Intakes of reduced length have been proposed with the aim of producing aero-engines with higher efficiency and reduced weight. As the intake length decreases, it is expected that stronger effects of the fan on the flow over the intake lip will be seen. If the effects of the fan cannot be ignored, a low-cost but still accurate fan model is of great importance for designing a short-intake.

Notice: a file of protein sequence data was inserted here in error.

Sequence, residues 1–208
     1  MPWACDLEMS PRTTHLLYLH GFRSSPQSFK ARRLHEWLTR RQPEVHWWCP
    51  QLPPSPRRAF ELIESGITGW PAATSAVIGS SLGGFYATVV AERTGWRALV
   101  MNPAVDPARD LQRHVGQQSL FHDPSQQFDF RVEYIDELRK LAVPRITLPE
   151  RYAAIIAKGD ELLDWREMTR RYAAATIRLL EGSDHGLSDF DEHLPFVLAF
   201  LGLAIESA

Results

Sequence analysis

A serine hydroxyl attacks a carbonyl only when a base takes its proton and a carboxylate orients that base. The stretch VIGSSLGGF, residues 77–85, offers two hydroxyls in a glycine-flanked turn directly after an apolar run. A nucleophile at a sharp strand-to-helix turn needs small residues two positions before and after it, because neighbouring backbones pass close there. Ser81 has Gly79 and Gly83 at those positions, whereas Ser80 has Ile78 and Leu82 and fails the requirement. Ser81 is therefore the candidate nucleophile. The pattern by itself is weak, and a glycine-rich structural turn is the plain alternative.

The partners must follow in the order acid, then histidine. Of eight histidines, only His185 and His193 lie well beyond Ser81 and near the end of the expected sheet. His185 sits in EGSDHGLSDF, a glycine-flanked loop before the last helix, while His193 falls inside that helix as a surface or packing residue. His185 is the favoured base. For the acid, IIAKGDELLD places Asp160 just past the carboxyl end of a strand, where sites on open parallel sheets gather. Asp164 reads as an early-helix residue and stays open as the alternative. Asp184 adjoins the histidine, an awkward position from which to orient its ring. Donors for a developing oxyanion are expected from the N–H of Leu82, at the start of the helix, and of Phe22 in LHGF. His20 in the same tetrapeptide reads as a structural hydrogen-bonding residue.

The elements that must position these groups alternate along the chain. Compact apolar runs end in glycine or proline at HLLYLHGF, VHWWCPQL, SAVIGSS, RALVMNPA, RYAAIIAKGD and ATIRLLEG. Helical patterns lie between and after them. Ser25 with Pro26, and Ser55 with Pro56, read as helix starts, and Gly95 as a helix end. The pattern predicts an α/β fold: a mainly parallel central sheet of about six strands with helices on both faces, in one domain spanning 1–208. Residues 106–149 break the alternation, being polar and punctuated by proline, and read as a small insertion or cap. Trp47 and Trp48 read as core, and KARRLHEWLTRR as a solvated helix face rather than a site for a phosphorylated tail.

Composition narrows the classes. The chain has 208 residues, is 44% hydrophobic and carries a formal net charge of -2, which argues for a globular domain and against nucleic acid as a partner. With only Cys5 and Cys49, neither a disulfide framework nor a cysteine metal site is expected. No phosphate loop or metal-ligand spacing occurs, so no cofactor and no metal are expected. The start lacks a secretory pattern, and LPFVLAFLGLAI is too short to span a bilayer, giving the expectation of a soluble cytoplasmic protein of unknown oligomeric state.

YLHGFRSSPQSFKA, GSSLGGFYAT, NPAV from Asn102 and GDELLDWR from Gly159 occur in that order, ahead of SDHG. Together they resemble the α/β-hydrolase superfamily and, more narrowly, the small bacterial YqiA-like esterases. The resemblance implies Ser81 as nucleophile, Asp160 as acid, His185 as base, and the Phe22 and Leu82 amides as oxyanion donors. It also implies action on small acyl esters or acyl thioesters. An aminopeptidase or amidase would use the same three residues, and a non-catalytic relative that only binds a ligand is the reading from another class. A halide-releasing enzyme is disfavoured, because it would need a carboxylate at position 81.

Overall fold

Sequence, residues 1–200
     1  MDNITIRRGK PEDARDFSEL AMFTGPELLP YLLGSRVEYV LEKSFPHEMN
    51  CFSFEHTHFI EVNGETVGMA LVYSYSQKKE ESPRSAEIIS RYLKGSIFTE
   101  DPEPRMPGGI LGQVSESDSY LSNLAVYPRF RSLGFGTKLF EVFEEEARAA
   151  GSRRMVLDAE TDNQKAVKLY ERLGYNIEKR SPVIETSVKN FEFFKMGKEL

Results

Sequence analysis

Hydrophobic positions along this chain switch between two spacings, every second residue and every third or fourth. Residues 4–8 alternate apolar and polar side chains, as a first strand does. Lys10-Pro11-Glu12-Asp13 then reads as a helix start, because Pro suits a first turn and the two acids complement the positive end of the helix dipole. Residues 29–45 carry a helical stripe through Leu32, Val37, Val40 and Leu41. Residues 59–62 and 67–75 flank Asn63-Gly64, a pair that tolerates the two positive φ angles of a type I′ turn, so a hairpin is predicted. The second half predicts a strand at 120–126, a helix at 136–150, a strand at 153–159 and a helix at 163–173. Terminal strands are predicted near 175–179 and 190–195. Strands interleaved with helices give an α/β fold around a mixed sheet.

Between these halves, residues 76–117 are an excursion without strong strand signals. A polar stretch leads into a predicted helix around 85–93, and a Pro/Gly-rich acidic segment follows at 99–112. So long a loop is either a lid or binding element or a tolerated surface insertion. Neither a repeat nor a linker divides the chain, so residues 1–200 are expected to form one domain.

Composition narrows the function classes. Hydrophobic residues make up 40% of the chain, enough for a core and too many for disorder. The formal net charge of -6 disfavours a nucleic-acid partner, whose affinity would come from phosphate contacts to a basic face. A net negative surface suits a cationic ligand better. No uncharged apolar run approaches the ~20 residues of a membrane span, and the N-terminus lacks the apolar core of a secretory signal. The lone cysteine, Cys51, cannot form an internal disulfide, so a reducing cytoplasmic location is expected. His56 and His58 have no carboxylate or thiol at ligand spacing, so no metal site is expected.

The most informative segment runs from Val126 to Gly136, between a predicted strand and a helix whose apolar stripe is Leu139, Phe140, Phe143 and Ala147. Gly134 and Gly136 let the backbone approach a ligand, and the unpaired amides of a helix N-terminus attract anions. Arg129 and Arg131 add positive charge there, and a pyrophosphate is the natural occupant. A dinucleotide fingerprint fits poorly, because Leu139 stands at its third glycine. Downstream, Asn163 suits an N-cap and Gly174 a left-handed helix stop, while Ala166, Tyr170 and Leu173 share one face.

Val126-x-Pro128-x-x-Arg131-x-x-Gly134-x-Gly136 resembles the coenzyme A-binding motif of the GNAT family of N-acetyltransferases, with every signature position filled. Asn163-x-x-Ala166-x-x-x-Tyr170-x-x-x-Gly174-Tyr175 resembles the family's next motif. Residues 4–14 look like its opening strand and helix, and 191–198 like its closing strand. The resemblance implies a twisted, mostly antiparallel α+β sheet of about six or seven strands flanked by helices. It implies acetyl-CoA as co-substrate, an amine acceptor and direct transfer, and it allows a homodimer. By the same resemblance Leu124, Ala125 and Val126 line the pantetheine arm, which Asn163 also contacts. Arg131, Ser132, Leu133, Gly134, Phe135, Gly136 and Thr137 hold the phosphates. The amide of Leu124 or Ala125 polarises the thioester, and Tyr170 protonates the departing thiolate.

In this paper, a low order rotor/stator model — the immersed boundary method with smeared geometry (IBMSG), has been further developed and validated on a rig test case. The improved IBMSG is more robust than the original. The rig test case used for validation features a low-pressure compression system with a non-axisymmetric inflow, which is representative of the inlet condition of an aero-engine at its cruise condition. Both the fan and the Outlet Guide Vanes (OGV) are modelled using IBMSG. Detailed analysis is carried out on the flow both upstream and downstream of the fan. After validating the IBMSG method against the rig test case, a short-intake case, coupled with a fan designed for the next generation of aero-engines, is further investigated. It is found that, compared with the intake-alone case, the inflow distortion at the fan face is significantly reduced by the presence of fan. Due to this increased interaction between the fan and the flow over the intake lip, accounting for the effects of the downstream fan is shown to be essential when designing a short intake.

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